Friday, November 5, 2010
Will Hulls Win The IU Point Guard Challenge?
Okay, for those of you who think the suggestion that Daniel Moore might be IU’s best point guard is absurd, let’s take a look at Jordan Hulls.
First, coach Tom Crean has gone out of his way to insist that he has no returning starters from last year, that every position is wide open and must be won through fierce competition every day. Crean has no desire to return to the days when guys played because basically there was no one else. The best programs are built when every second has to be earned.
Second, Hulls is an ultra-competitive guy who embraces challenges, which is a good thing because he will have his hands full with such super-quick Big Ten guards as Michigan State’s Kalin Lucas, Purdue’s Lewis Jackson and Wisconsin’s Jordan Taylor.
If he can’t handle competition from the smaller Moore, he’ll have no chance in Big Ten play.
Hulls CAN handle the competition and will have a chance. He knows Moore wants to play and is going after the point guard job with gusto. Hulls is doing the same thing.
“We’re teammates,” he said. “We’re always going to be competing.”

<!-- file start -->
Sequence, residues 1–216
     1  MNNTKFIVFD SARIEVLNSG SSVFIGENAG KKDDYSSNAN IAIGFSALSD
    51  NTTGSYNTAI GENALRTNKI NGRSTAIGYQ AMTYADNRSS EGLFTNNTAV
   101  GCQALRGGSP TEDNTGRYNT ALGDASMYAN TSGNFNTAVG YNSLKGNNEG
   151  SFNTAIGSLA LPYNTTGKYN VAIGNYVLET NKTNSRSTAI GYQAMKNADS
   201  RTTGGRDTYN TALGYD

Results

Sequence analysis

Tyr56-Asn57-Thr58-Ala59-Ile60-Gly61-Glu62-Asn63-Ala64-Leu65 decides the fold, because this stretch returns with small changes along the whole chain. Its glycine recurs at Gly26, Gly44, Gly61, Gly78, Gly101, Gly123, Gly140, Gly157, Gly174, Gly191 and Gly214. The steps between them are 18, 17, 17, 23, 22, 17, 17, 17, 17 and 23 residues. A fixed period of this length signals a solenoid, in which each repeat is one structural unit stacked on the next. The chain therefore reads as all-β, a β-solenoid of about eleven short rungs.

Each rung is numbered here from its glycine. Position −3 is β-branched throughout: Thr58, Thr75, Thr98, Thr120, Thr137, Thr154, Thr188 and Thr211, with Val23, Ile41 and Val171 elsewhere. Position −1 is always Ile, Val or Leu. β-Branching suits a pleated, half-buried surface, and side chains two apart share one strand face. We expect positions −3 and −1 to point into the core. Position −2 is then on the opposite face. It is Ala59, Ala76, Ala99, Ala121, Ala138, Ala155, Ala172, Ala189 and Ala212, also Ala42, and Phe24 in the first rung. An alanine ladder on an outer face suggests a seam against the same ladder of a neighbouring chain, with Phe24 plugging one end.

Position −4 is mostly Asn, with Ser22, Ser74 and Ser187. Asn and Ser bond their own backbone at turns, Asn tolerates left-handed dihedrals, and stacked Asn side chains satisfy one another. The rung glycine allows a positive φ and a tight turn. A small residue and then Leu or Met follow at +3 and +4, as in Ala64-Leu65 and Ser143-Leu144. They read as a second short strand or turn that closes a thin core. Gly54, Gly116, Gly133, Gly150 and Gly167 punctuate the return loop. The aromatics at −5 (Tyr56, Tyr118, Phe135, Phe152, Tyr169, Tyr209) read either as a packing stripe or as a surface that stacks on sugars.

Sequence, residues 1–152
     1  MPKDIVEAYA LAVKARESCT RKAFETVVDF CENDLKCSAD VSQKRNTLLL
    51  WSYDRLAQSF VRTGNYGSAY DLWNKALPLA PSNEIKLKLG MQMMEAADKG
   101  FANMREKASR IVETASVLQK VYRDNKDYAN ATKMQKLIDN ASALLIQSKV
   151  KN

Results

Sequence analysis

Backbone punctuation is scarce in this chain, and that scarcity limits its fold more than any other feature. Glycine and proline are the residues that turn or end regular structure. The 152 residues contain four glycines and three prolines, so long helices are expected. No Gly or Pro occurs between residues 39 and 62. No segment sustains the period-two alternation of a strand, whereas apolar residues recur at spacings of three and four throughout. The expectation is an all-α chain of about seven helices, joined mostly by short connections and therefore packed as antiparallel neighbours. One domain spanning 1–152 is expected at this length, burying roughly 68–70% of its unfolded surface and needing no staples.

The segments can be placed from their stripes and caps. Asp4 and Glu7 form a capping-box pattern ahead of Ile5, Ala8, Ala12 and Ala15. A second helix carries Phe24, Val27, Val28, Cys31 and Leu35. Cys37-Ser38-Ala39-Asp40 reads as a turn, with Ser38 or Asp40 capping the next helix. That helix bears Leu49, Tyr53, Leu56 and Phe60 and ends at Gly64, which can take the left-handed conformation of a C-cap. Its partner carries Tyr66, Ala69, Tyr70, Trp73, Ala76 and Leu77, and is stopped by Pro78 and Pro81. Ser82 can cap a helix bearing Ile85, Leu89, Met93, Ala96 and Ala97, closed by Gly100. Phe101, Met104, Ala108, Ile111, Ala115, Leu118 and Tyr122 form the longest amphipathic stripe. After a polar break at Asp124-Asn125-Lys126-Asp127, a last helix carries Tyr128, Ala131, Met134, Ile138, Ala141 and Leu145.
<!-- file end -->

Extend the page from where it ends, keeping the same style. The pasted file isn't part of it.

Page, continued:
Hulls was by far the more acclaimed player coming out of high school. He earned Mr. Basketball honors while leading Bloomington South to an undefeated Indiana state championship. His numbers weren’t gaudy (15.8 points, 4.0 rebounds, 5.2 assists, 2.6 steals) because of all the talent around him.
Last year as an IU freshman he started 17 of 31 games, including the last nine contests. He led the team in three-point baskets (47) and three-point shooting (40.2 percent). He had more assists (45) than turnovers (37), and given the Hoosiers’ throw-it-away tendencies, that was a major accomplishment.
Moore, by the way, was an all-state basketball and soccer player at Carmel. He averaged 13.5 points and 7.8 assists as a senior.
In his first two years in Bloomington Moore has averaged 1.9 points and totaled 35 steals, 88 assists and 79 turnovers while averaging 12.4 minutes.
Hulls seemingly has more upside because of his superior shooting and scoring ability. The point guard role has evolved from just a passer to a passer-scorer and teams can’t afford to play guys who can’t hit open jumpers.
Yes, we know Verdell Jones also will get some point guard minutes when his sprained ankle heals, but he’s more of a shooting guard. He won’t be the main ballhandler.
The bottom line is Crean needs a point guard who can run the show, get guys where they need to be, get the ball where it needs to go, hit big shots and make good decisions.
“I try to get everybody in place, run the floor and play defense,” Hulls said. “All the little things. Try to be an extension of the coach out on the floor.”
The odds favor Hulls. He was recruited to be the point guard while Moore walked on. He's worked to improve his strength, and while he's not there yet, he is improving.
In the end, it’s all about producing. Whoever does that the best will play. That, at least, is not absurd.